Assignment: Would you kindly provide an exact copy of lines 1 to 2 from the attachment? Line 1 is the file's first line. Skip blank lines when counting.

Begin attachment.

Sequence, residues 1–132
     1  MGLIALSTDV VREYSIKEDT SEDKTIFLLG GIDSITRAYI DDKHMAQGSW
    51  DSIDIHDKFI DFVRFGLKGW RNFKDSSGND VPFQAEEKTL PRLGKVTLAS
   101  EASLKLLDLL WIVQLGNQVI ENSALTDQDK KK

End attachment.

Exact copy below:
Sequence, residues 1–132
     1  MGLIALSTDV VREYSIKEDT SEDKTIFLLG GIDSITRAYI DDKHMAQGSW